Executive Order 13794, The Establishment of the American Technology Council, set forth an initiative to modernize the federal government’s information technology infrastructure and systems. Issued May 1, 2017, the order’s first task for the ATC was to define its strategy to modernize IT. The Report to the President on Federal IT Modernization was released for public comment in August.
The report, now in review after the public comment period, zeroes in on three areas:
Network modernization and consolidation seeks to maximize the secure use of cloud computing, modernize government-hosted applications, and securely maintain legacy systems. The report recommends several specific actions to drive modernization across the government, such as prioritizing high-risk, high value assets, identify solutions to overcome current barriers to cloud adoption, and consolidate acquisitions and management.
Shared services drive toward a consolidated IT model through the use of commercial cloud offerings. Some centralized capabilities, such as email and collaboration services, are ripe for a shared services consumption model. In today’s heightened threat environment, security services are also a key area for improvement and centralization across agencies.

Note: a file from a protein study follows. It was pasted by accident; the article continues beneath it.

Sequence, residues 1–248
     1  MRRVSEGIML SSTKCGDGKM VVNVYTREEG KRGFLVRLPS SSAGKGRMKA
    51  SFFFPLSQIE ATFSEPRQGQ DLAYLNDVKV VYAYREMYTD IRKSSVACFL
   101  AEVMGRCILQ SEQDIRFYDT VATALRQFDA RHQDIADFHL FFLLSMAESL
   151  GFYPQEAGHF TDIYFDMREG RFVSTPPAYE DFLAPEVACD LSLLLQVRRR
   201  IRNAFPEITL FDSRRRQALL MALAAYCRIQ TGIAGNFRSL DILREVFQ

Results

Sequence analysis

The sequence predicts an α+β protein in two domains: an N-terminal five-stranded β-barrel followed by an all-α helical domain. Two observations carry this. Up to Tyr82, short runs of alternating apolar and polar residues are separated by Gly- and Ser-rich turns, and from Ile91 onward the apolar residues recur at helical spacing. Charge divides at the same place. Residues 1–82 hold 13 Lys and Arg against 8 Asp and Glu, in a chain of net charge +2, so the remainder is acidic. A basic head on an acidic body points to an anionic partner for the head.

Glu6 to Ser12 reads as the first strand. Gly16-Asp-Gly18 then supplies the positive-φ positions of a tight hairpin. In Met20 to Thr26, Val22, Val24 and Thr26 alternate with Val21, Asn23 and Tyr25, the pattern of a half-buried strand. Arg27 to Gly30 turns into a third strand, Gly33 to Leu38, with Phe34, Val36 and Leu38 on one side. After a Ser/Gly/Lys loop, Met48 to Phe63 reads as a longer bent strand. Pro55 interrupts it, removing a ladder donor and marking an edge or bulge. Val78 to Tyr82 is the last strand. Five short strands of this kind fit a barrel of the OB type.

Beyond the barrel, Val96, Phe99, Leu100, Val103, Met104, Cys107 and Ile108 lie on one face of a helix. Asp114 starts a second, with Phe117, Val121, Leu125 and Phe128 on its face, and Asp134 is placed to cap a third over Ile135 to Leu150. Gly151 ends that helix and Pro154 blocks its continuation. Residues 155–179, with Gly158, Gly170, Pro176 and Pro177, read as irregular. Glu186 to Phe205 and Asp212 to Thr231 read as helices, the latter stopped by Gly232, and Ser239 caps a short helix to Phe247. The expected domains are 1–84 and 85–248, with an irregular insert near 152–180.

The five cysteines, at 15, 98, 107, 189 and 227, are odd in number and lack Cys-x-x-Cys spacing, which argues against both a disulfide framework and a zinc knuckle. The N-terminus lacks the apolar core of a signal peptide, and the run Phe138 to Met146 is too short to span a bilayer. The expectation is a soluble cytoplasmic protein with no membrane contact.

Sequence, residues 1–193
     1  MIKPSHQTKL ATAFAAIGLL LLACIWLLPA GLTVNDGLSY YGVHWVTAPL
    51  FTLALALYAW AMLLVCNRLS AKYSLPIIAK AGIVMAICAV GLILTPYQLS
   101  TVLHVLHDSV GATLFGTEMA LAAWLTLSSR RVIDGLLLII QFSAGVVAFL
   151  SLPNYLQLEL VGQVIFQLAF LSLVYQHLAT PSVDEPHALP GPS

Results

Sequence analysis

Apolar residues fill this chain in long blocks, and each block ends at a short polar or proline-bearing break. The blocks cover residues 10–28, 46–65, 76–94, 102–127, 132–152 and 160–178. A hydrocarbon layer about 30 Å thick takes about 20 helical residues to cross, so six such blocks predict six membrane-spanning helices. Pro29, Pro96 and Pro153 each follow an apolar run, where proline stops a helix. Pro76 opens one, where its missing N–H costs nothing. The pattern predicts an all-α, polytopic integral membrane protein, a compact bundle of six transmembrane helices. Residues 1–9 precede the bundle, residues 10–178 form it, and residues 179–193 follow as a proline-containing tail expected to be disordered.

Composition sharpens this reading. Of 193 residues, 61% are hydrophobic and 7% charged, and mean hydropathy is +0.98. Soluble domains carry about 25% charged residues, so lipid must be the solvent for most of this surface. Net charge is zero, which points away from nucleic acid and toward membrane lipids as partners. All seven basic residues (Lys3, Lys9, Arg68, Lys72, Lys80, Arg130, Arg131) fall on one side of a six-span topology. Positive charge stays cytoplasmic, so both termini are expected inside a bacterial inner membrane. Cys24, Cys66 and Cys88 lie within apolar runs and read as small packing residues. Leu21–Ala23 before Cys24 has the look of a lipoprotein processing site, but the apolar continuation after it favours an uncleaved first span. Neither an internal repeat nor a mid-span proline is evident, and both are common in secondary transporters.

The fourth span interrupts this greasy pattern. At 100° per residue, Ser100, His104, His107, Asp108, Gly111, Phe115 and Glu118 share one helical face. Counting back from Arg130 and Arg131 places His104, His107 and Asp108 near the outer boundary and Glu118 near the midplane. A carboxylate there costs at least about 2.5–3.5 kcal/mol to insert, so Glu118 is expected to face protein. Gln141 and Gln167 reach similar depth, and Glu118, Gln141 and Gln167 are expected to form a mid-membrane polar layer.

Resourcing poses another challenging area for federal IT leaders. The report calls for prioritizing systems for modernization, and proposes that agencies pause or halt existing programs that sustain legacy systems rather than modernize or sunset them. The report also suggests a “cut and invest” funding strategy to move funding away from legacy systems and toward modern technologies, cloud solutions, and shared services.
The motivation to modernize is clear. Technology outpaces the ability of such a large IT enterprise to quickly respond to new innovations. Yet, without keeping up, existing systems become less economical and less secure.
As a leader in government IT who recognizes the ongoing need to upgrade and modernize systems and services, where do you begin? The cloud-first policy still confounds many federal IT leaders. The breadth and depth of legacy IT systems seem insurmountable, yet CIOs and IT leaders need to take that first step and begin navigating the path ahead. The American Technology Council has now laid the groundwork; now it’s up to you to head on down the road.
It’s more than a journey. As Henry David Thoreau proclaimed, “Every walk is a sort of crusade.” To modernize today’s federal IT is indeed a challenge – a crusade, but one that increases in urgency every day because of the size and scope of federal IT.
The key to success? Get going.